The research found that 15% of advisers have witnessed a substantial rise in customer enquiries about help with interest-only mortgages.
Respondents estimated that an average of 25% of their clients aged over 55 have outstanding interest-only deals in place, compared with 30% who still have mortgages to pay off.
Customers have also expressed a strong interest in downsizing to their advisers, with intermediaries saying that a quarter of clients have made queries about this in the past year.
Bernie Hickman, managing director, Individual Retirement at Legal & General, said the market needed to create products that allowed borrowers to stay in their home into retirement.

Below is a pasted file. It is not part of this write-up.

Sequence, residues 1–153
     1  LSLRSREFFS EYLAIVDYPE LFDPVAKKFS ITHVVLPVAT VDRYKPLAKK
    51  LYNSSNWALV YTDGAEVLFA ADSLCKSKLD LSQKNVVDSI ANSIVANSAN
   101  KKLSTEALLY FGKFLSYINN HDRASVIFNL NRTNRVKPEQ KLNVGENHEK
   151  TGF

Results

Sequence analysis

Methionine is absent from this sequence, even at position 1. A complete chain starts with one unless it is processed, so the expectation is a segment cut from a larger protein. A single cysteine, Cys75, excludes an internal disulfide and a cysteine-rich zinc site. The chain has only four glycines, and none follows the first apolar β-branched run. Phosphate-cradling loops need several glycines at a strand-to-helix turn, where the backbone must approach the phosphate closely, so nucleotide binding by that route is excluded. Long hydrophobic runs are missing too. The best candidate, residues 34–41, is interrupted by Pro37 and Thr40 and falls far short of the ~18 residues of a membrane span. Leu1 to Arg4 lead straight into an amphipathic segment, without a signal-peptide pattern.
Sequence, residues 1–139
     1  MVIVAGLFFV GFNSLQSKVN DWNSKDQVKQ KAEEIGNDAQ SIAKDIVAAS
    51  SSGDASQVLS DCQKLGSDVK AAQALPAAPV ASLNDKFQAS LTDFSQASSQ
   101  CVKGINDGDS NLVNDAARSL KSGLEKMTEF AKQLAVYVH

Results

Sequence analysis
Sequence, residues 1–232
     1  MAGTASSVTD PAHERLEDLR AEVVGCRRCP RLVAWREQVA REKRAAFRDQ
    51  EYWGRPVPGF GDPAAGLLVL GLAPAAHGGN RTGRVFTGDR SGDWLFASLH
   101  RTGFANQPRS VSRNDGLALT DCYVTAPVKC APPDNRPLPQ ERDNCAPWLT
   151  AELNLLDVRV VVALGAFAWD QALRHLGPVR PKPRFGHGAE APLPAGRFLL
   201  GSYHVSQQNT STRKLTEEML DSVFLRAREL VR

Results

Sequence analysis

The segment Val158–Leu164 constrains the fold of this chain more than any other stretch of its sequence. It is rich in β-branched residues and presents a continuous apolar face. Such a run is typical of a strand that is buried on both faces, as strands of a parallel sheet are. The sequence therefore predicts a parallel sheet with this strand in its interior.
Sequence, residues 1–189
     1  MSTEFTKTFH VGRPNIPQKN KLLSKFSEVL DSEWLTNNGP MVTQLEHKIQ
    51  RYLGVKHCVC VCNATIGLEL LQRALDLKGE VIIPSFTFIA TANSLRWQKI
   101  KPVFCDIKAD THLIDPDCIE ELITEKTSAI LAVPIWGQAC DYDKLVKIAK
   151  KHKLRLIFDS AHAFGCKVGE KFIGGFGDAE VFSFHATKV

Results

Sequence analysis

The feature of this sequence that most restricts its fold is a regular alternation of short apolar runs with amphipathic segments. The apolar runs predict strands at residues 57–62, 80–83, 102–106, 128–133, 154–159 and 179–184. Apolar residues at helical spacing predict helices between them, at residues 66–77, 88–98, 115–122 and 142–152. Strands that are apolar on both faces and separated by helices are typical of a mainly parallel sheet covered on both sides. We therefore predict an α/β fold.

“…This is a good example of where market dynamics are likely to drive increased product innovation to meet consumer demand. This market is not currently well served by the mainstream mortgage market and it is an area we are interested to explore,” he said.
In the Financial Ombudsman’s 2014/15 review published in May, the dispute settlement service noted a surge in complaints from customers about interest-only mortgages. According to the review, a number of interest-only customers questioned the advice they were given when taking out the loan, as they were concerned they would be unable to repay the mortgage.